Guidelines of intracranial neurointerventional procedures

The following are some of the main recommendations in the above document.


  • Ruptured aneurysms —Endovascular coil occlusion of the aneurysm is appropriate if the aneurysm is deemed treatable by either endovascular coiling or surgical clipping (class I, level of evidence B).
  • Unruptured aneurysms —The authors deem it “reasonable” to consider endovascular occlusion for unruptured aneurysms if the aneurysm is thought to require intervention over conservative management and is amenable to endovascular treatment according to an endovascular specialist (class IIa, level of evidence B).
  • Intracranial stenosis—For symptomatic atherosclerotic stenosis greater than 70% and failing medical therapy, endovascular revascularization with angioplasty or stenting might be reasonable (class IIb, level of evidence B).
  • Acute ischemic stroke —For patients with a major stroke syndrome lasting six hours or less who are either ineligible for or who have failed intravenous thrombolysis, it is “reasonable to consider intra-arterial thrombolysis in selected patients” (class I, level of evidence B). For patients with a major stroke syndrome lasting eight or more hours, it “may be reasonable” to use mechanical disruption to restore blood flow in selected patients (class IIb, level of evidence B).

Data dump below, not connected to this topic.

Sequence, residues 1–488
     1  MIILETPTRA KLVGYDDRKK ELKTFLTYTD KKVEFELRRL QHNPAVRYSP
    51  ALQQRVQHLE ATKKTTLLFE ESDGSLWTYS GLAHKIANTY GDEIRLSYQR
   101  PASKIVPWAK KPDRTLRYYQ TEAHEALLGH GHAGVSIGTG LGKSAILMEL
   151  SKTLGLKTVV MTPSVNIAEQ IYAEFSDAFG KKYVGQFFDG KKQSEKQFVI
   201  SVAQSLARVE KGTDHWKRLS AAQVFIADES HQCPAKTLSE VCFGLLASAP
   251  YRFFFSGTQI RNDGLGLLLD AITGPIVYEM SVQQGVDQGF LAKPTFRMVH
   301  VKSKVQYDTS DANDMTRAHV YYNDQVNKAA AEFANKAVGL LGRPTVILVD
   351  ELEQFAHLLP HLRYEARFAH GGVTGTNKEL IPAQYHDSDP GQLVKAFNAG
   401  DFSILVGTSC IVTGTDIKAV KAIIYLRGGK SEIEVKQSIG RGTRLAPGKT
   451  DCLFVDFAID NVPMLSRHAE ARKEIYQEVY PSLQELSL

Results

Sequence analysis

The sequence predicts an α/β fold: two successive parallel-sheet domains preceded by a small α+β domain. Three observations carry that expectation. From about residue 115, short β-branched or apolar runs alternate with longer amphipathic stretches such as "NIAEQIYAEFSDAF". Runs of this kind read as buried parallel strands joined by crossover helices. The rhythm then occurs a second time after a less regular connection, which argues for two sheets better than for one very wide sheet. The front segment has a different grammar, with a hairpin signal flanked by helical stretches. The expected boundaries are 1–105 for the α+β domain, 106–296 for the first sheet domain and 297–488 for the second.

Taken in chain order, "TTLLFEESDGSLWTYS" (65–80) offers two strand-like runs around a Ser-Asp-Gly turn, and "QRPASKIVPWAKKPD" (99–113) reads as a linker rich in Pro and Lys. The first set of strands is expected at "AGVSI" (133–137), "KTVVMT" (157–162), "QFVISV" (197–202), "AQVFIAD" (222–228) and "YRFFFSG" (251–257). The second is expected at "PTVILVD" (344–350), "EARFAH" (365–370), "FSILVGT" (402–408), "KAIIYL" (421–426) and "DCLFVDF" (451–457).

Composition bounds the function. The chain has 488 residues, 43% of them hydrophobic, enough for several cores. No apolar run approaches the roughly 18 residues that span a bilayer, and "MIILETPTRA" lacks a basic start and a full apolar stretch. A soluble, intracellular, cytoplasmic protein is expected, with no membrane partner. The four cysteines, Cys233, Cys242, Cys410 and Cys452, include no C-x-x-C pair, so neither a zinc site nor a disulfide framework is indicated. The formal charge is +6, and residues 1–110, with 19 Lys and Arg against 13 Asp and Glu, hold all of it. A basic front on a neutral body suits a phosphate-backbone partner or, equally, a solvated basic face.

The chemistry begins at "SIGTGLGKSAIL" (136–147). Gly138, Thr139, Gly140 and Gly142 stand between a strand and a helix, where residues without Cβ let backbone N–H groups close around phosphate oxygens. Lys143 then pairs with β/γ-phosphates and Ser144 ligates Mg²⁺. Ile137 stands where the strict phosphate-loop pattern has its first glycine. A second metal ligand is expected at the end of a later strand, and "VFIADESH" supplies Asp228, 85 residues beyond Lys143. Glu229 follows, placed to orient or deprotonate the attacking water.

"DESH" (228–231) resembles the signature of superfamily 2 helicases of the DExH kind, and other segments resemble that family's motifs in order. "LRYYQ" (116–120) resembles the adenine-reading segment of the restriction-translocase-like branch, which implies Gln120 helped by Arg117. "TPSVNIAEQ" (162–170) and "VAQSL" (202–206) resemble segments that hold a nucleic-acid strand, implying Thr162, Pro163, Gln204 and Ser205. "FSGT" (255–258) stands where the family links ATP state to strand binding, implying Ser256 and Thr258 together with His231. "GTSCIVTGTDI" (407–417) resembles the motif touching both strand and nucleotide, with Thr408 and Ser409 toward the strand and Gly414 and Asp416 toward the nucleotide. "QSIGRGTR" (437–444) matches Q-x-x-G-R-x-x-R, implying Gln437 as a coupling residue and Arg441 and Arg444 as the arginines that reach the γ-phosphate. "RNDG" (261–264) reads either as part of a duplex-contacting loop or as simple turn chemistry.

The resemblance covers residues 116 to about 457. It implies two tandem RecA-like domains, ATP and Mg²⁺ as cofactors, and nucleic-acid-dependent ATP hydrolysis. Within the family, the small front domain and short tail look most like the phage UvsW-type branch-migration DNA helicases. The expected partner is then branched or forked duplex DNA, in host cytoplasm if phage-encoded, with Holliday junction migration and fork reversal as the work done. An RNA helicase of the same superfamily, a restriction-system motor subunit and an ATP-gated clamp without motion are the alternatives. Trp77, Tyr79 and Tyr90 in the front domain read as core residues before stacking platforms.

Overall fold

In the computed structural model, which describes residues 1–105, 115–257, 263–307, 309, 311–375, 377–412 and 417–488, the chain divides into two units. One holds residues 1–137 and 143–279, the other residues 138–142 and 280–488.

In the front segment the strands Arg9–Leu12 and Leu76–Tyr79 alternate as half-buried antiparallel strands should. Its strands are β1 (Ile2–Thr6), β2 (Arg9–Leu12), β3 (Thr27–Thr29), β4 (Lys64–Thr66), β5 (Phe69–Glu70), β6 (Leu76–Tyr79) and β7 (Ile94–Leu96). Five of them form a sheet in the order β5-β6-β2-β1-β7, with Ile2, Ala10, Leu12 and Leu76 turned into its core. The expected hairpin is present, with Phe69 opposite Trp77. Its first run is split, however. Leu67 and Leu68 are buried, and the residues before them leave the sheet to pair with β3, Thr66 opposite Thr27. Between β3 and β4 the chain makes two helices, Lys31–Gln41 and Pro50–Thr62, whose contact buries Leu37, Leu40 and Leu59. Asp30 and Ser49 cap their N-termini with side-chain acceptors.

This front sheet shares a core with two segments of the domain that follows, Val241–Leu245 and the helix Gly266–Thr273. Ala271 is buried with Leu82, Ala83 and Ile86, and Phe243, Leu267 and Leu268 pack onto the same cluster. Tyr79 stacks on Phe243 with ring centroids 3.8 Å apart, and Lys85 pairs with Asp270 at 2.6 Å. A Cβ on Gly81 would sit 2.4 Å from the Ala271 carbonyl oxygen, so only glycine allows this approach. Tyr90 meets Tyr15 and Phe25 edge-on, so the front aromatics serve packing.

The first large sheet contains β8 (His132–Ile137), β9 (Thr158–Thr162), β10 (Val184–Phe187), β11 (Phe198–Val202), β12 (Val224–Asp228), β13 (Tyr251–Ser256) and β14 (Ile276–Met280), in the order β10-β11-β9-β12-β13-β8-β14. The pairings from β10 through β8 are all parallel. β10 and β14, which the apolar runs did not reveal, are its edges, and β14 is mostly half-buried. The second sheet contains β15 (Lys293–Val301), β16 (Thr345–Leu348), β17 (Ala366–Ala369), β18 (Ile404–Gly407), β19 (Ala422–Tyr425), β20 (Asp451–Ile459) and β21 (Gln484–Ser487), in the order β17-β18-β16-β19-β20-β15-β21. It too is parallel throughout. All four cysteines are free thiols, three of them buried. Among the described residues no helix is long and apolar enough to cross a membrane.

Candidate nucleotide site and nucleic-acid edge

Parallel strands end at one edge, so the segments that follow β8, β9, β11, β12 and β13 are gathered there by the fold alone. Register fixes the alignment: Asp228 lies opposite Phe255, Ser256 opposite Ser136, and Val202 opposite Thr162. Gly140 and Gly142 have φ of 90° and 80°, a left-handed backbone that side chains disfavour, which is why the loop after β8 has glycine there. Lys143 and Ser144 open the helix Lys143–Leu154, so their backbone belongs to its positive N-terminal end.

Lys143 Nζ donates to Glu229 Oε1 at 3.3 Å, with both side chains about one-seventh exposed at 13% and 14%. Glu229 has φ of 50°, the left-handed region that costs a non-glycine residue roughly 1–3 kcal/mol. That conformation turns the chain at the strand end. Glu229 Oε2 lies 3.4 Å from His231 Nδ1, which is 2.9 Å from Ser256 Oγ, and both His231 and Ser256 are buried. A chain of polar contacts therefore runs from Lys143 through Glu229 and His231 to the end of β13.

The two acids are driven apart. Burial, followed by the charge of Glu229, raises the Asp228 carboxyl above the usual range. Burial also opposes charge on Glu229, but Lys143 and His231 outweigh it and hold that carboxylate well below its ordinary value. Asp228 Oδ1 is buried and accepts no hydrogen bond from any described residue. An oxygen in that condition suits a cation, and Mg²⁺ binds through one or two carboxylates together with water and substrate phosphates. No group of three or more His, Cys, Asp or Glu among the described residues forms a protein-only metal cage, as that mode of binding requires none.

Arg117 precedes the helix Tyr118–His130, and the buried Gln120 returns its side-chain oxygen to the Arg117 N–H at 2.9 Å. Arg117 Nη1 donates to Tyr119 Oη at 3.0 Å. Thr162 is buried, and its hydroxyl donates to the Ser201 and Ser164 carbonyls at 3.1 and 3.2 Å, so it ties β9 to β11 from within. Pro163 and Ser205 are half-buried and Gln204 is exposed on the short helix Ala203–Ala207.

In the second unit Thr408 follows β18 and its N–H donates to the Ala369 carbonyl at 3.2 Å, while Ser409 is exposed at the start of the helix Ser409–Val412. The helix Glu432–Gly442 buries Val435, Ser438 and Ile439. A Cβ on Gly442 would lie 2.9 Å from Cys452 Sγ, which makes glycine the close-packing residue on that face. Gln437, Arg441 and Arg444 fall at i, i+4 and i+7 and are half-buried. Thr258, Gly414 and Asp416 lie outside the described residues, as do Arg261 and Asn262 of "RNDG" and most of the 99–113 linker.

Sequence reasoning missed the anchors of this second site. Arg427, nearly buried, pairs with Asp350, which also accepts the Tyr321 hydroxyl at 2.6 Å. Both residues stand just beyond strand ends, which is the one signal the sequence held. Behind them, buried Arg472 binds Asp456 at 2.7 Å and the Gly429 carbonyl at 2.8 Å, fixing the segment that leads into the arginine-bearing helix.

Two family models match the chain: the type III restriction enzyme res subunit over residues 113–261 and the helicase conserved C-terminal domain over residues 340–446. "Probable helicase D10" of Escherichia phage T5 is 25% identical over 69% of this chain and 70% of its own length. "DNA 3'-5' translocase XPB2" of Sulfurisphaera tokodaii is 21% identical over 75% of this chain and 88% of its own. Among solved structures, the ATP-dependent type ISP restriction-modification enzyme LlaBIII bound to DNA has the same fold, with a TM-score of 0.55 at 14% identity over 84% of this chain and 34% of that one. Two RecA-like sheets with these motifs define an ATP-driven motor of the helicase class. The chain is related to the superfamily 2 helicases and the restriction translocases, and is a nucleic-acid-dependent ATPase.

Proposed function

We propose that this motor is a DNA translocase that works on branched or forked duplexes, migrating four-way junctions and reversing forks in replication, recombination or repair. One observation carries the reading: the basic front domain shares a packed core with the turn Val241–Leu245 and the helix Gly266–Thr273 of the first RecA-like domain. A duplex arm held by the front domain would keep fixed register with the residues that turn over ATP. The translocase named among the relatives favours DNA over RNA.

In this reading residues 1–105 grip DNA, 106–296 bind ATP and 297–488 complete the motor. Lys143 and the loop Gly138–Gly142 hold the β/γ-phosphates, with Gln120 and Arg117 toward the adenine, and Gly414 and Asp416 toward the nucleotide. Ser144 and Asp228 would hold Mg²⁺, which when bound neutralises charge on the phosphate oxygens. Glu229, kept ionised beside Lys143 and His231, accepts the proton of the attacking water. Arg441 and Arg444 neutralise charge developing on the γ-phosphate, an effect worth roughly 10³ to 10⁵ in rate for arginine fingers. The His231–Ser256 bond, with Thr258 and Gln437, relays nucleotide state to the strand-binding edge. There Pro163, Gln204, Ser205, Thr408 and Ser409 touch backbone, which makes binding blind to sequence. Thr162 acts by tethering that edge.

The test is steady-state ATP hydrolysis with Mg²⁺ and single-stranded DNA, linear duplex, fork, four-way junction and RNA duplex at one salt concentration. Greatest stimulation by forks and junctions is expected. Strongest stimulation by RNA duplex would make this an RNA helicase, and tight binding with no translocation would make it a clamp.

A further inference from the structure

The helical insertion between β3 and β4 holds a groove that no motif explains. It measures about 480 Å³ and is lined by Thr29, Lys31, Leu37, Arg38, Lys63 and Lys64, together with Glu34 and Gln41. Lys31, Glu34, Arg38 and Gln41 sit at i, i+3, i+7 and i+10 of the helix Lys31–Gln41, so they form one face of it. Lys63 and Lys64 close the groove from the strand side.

• Cerebral arteriovenous malformation (AVM)—For patients with hemorrhage referable to a pial AVM, endovascular treatment in combination with other therapies, such as surgery or radiosurgery, should be considered as a preoperative adjunct or palliative treatment to prevent recurrent hemorrhage (class IIb, level of evidence C). For those with neurologic symptoms or hemorrhage referable to a dural arteriovenous fistula, endovascular treatment alone might be curative or might be used in combination with other therapies, such as surgery or radiosurgery, as palliative treatment to prevent stroke or hemorrhage (class IIb, level of evidence C).